Eatability had by far the most impressive number of results, however a large proportion of the places have closed and are not flagged as such. This probably indicates a lack of maintenance by the owners.
WOMO was good and like Yelp their results are highly dependent on the words used by reviewers, so key words could be missed simply because reviewers didn’t use them.
Sensis performed well on “cafes” except that three of the ten listed were closed. The lack of results on “breakfast” and “lunch” is due to no places having those words in their name.
This comparison is not scientific, being based on a narrow search and small sample size, but there’s a few things we can take away from the experiment.
Search is still young
Right now, search is still a crude tool.
From the results, we can see that the keywords used by reviewers and businesses matter. If the public are looking for “brunch” and that isn’t on your cafe’s website and online listings, then you won’t appear.
Over time that will change as the web and search engines get smarter but right now search is still at a basic stage in its development.
You have to be there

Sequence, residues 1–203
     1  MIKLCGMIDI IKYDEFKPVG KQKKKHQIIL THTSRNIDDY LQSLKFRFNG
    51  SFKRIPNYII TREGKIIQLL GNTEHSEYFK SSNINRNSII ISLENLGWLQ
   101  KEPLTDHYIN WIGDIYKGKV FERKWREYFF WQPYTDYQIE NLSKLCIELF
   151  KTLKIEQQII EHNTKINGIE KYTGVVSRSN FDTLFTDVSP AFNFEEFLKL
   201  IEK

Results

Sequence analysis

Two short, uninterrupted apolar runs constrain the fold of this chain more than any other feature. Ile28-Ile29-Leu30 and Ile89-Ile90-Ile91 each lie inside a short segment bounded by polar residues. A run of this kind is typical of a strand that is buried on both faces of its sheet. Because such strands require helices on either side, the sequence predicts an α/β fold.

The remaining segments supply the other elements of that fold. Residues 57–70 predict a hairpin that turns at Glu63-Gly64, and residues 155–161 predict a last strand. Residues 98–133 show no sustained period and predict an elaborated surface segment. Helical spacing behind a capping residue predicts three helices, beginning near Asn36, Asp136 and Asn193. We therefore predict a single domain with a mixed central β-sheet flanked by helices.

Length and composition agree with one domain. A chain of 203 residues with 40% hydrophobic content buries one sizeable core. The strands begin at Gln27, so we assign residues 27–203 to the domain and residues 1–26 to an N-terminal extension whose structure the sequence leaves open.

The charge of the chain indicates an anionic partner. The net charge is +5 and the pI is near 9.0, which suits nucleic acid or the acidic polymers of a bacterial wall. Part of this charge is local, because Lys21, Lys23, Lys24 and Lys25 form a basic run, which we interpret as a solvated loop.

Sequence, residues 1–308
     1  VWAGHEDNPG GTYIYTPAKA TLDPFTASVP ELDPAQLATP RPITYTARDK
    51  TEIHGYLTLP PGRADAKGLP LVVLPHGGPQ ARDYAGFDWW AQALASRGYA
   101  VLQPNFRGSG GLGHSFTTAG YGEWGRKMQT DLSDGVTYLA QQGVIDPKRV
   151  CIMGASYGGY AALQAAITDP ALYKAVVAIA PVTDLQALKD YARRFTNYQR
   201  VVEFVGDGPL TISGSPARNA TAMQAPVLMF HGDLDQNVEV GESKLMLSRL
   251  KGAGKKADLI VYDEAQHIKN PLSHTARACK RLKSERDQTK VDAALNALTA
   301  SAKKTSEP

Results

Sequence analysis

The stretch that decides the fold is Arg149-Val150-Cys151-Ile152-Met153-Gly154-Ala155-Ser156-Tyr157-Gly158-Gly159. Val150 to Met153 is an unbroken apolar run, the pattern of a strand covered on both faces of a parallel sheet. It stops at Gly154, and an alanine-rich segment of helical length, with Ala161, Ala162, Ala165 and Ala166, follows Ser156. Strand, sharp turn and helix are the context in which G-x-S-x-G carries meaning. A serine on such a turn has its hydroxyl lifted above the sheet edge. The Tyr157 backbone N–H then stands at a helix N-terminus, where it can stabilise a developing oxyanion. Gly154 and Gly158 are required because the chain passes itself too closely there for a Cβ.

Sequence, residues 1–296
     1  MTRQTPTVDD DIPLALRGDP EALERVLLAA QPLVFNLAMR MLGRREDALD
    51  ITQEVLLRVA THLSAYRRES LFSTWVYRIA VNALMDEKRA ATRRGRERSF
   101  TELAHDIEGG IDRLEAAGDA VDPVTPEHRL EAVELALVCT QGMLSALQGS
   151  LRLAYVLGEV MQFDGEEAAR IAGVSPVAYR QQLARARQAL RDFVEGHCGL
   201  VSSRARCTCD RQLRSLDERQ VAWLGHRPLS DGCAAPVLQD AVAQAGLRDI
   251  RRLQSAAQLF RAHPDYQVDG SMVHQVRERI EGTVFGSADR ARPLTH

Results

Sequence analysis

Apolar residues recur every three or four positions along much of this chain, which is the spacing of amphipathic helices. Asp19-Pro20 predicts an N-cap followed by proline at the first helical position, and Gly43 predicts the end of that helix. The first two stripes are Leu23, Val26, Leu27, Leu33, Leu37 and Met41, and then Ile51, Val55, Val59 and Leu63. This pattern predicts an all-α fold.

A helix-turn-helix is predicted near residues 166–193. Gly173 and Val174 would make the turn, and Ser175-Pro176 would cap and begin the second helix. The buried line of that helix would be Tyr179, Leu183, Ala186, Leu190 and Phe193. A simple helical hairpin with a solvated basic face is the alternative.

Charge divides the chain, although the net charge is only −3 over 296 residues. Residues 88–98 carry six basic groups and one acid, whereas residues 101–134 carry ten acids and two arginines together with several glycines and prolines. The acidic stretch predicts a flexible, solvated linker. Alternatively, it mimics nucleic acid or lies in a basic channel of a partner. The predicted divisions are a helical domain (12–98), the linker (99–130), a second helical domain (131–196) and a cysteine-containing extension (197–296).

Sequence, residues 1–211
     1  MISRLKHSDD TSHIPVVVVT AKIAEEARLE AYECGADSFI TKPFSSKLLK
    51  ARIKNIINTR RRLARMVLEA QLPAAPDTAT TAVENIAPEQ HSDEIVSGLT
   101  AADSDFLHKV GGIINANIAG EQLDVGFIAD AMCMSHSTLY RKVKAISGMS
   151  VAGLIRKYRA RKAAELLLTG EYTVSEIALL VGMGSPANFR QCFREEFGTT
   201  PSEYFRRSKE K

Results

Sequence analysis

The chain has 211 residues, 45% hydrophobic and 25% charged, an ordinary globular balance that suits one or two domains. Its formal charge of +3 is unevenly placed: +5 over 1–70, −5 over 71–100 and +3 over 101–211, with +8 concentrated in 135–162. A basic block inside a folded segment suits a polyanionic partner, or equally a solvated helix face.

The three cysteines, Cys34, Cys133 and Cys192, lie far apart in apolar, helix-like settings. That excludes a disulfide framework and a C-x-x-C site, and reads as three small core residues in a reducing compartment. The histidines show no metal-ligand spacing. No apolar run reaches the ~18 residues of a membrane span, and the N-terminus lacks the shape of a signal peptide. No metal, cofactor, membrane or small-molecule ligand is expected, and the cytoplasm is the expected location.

Customers are using these tools to find what they need and if a business isn’t listed, then they can’t be found. Setting up a profile and getting some favourable reviews is important.
The business who are being pro-active are the ones who are succeeding.
There’s a lot of opportunity
It’s no surprise that older organisations like Fairfax, Sensis and Microsoft are failing to understand local search. What is suprising is how poorly the newer players like Google and Facebook are doing.
This opens up a lot of opportunity for services like Yelp and Foursquare in adding value to the data already available through services like Google, Facebook and Sensis.
Yelp’s tie up with Sensis makes a lot of sense from the US company’s point of view; they get to ride on Sensis’ sales team, maybe some licensing fees and – most importantly – they can access the richest, albeit not always accurate, database of Australian businesses.
For small, local business there’s a lot of opportunity as well. By getting online and registered on these services, it’s possible to become more visible and improve your competitive position.
The market’s young and there’s a lot of potential for disruptive players. It will be interesting to see how incumbents deal with the threat.